FIRE second letter to GSU President Frank G. Pogue, October 1, 2010

October 1, 2010

President Frank G. Pogue
Grambling State University
Office of the President
403 Main Street
Grambling, Louisiana 71245

Sent via U.S. Mail and Facsimile (318-274-6172)

Dear President Pogue:

The Foundation for Individual Rights in Education is in receipt of your response of September 23, 2010.

Disappointingly, your reply fails to adequately address or even acknowledge the significant concerns about the constitutionality of Grambling State University’s (GSU’s) e-mail policy first raised by FIRE in our September 1 letter. Nor does your reply correct the further First Amendment problems presented by GSU’s September 22 “clarification” of the policy, as identified by FIRE and the American Civil Liberties Union of Louisiana (LA ACLU) in our joint statement of that same day.

In your September 23 letter, you write that “the e-mail dated July 13, 2010 does not reflect our current policy on e-mail use” and insist that “Grambling State University does not have an e-mail policy restricting campaign solicitation.” If this correction is to be taken seriously, it must be issued immediately to all Grambling State University students and faculty, none of whom can be faulted for believing that the July 13 e-mail (the subject heading of which read “IMPORTANT CAMPUS INFORMATION”) represents official university policy. Any delay in issuing this clarification further harms First Amendment rights, which GSU, as a public institution, is both legally and morally bound to protect.

Your letter also notes that GSU is “in the process of ensuring that all of our approved policies are effectively communicated with the university community.” FIRE hopes this review is swift and results in substantive changes in GSU protocol. Obviously, the current means of communicating university policy-which permit the Office of Media Relations to issue erroneous policy statements to the entire GSU student body-is deeply flawed. While a review of the communication of university policy is desperately needed, it is of even greater importance that the policies themselves be constitutionally sound. At present, GSU’s e-mail policy is not.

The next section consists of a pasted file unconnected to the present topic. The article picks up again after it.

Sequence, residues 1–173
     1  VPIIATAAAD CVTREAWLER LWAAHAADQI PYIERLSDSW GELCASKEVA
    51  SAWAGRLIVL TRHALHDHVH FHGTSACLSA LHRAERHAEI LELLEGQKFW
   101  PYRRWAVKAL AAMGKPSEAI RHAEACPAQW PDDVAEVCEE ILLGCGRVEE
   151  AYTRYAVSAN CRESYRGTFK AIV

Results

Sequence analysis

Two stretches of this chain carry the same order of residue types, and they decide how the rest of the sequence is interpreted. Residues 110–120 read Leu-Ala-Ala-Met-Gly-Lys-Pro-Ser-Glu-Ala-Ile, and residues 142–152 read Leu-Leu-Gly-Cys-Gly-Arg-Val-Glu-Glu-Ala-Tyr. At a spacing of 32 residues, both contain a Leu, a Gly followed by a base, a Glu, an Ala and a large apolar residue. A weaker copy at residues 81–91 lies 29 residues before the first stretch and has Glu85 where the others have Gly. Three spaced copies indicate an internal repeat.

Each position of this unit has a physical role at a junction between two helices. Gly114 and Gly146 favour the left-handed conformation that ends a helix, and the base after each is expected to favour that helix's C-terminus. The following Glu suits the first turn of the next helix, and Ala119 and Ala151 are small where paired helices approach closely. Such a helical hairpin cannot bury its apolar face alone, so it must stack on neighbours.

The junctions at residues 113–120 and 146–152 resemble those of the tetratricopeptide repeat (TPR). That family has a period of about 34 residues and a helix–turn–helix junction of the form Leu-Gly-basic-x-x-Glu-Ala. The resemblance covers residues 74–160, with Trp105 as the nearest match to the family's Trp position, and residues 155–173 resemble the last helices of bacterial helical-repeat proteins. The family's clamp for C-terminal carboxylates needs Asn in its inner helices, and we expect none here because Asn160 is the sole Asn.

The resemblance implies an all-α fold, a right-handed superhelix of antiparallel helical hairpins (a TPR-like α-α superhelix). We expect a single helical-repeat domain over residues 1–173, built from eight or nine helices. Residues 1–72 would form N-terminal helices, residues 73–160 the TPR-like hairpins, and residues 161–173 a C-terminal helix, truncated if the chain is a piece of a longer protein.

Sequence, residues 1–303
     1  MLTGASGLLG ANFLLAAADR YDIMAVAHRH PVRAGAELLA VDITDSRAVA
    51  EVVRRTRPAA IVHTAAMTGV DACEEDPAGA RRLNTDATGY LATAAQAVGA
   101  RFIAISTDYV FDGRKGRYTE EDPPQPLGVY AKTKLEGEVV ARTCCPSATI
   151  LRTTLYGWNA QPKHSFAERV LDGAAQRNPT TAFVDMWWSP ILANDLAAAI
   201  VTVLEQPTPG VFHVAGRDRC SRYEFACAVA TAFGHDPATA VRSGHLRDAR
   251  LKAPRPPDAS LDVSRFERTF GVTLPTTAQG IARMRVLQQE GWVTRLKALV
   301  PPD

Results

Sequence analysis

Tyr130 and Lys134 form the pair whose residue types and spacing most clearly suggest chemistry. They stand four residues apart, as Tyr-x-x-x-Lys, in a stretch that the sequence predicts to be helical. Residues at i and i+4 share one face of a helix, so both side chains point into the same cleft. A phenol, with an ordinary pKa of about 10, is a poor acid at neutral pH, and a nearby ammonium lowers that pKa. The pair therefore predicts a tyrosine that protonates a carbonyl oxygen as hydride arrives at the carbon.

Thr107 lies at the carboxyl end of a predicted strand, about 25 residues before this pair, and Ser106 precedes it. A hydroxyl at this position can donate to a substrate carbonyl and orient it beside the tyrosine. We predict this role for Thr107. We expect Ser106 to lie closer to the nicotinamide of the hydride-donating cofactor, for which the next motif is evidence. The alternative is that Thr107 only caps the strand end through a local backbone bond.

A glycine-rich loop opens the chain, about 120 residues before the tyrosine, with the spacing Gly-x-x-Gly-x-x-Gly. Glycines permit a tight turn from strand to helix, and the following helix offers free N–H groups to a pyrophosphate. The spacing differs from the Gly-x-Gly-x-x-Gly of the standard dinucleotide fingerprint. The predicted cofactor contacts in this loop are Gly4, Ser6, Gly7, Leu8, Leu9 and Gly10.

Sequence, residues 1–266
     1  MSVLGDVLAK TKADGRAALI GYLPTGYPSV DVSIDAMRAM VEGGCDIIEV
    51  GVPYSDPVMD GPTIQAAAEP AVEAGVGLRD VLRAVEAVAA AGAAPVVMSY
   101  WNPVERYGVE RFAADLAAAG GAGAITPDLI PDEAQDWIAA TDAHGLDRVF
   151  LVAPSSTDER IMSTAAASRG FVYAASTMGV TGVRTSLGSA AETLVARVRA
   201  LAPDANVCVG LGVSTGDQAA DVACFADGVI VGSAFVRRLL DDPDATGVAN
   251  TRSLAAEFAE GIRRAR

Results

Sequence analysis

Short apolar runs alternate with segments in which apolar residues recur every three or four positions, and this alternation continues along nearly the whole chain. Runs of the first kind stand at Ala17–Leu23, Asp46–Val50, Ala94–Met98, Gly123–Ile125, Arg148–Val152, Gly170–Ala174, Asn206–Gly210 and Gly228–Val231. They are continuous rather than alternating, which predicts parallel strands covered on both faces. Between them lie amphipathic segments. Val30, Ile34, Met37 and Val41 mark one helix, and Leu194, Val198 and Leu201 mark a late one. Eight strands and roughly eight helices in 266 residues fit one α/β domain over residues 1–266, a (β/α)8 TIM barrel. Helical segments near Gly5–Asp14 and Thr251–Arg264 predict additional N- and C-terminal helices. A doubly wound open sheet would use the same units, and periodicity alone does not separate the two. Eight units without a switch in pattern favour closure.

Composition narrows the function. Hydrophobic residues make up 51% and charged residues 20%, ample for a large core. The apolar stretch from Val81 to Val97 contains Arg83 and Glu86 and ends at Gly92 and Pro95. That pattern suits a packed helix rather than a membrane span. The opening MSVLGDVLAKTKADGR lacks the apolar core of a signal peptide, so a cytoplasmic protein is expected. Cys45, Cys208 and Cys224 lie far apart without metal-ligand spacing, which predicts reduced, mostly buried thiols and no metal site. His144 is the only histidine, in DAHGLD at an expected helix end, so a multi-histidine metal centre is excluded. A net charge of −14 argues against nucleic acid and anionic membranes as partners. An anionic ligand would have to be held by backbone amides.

The statement issued by GSU Director of Public Relations Vanessa Littleton on September 22 in response to FIRE contends that “Grambling State University does not prohibit students or employees from political expression.” Yet, a plain reading of the “Grambling State University Email Use Policy” included with the statement belies this claim and reveals obvious First Amendment violations. The policy states, in relevant part:

 Grambling State University Email Use Policy

1. Grambling State University email system shall not to be used for the creation or distribution of any disruptive or offensive messages, including offensive comments about race, gender, hair color, disabilities, age, sexual orientation, pornography, religious beliefs and practice, political beliefs, or national origin. Employees who receive any offensive emails with this content from any Grambling State University employee should report the matter to their supervisor immediately